Sunday, August 10, 2008

Tactical containers for strategic miltiary logistics

In "Sustainment from the Deep Sea" (US Navy Institute Magazine, July 2008 Vol. 34/7/1,265 ) Lieutenant Colonel James C. Bates advocates "tactical containers" for military strategic sea lift. Eight of these smaller containers would fit in one ISO standard 20 foot container.

The US military is already developing "Joint Modular Intermodal Containers" (JMIC) which are part of the Joint Modular Intermodal Distribution System (JMIDS):

JMIDS JMIC Features - Container
Outside dimensions – 51.75”L X 43.75”W X 43”H
Stacking Height – 40.75”
Inside dimension – 48.75”L X 40.75”W X 33.18”H Collapsed Height – 15.18”
Collapsed Stacking Height – 13.56”
Tare Weight – 317 - 329 lbs
Cover weight – 36.75 lbs
Two removable side panels (26.5 lb ea)
Assemble w/o tools
Collapsed and secured w/o banding
3000 lb max gross weight ...

But as Bates points out the JMIC is designed to be collapsible and so will be less able to be stacked and less weatherproof. Essentially the JMIC is intended to be transported inside something else, such as an ISO container or an aircraft, not left outside on its own. His solution is to make a sturdier, bigger, weatherproof box about 96 x 60 x 48 inches.

Garrett Container Systems, Inc. offer JMICs:

Part# 7516510
NSN: 8145-01-551-5311
(Aluminum finish)
NSN: 8145-01-564-5795 (Tan color)
NSN: 8145-01-564-5802 (Green color)

Joint Modular Intermodal Container (JMIC) is the near future solution to the standardization of shipping containers functional for all branches of the US Military

JMIC is manufactured in four styles for mission-based shipping requirements.

  • JMIC
  • JMIC Light
  • JMIC Rack
  • JMIC Double ...
While pointing out the benefits of using commercial standards for military transporting of containerised goods, Bates fails to mention that there are civilian standards for small containers. These are designed to fit in ISO containers, trucks and aircraft. In selecting a size for a small military container, it would be a good idea to first look at these standards.

If the JMIC is widely adopted by the military, it might be sensible to take up Bates idea, but in a smaller form: a non collapsible, weatherproof, stack able version of the JMIC. Such a Tactical JMIC (TJMIC) container would have the advantage of being compatible with the handling systems of the JMIDS. The TJMIC could be carried in a truck, ship or aircraft as easily as a JMIC, but would weigh more and could not be collapsed for transport empty.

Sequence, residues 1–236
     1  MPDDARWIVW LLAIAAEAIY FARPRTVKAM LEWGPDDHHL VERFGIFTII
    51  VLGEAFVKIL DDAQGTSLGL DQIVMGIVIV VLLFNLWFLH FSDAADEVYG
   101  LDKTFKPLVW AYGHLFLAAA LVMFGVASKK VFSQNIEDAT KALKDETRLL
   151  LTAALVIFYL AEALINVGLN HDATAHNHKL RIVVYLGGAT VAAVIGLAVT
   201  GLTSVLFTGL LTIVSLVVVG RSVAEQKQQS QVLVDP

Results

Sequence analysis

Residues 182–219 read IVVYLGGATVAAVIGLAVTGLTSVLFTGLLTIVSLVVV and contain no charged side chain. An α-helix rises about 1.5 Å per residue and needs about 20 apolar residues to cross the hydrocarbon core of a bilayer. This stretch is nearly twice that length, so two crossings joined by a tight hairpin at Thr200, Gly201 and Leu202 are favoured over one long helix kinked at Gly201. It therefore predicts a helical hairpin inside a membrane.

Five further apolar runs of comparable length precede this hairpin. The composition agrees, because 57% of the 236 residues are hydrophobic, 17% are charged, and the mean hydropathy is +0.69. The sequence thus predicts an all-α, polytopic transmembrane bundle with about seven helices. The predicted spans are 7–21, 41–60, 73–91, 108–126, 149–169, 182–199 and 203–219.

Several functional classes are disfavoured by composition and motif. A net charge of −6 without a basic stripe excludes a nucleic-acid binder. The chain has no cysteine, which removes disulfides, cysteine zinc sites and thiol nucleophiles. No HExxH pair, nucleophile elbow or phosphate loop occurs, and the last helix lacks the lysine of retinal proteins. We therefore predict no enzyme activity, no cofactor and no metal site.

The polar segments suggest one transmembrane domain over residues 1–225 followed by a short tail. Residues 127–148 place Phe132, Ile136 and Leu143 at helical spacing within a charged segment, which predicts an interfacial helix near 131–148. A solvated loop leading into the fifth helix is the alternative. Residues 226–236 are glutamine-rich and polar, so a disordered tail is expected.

The TJMIC would be simpler and therefore much cheaper to make than JMIC and could be considered semi-disposable, as is the case for many ISO containers in military use. The cost of shipping back empty containers, even when they can be collapsed, is not worth the effort in may situations. Instead the containers could be used as building blocks for fortifications, when filled with sand, and for storage either indoors or outdoors. In addition very large buildings could be built by stacking TJMICs. This would be useful for the construction of semi-permanent bases, where the containers the supplies and equipment were delivered in would be used to build the base. This would exploit the techniques developed for "shipping container architecture".

There is a detailed thesis on "The joint modular intermodal container : is this the future of naval logistics?" by Mark Johnson, at MIT. He discusses the benefits of various containerisation systems and compatibility with ISO. He concludes such systems do offer benefits, but will require inter-branch compatibility. That is it is not so much achieving compatibility with commercial systems which is the problem, but between the US Army, Navy and Air Force.

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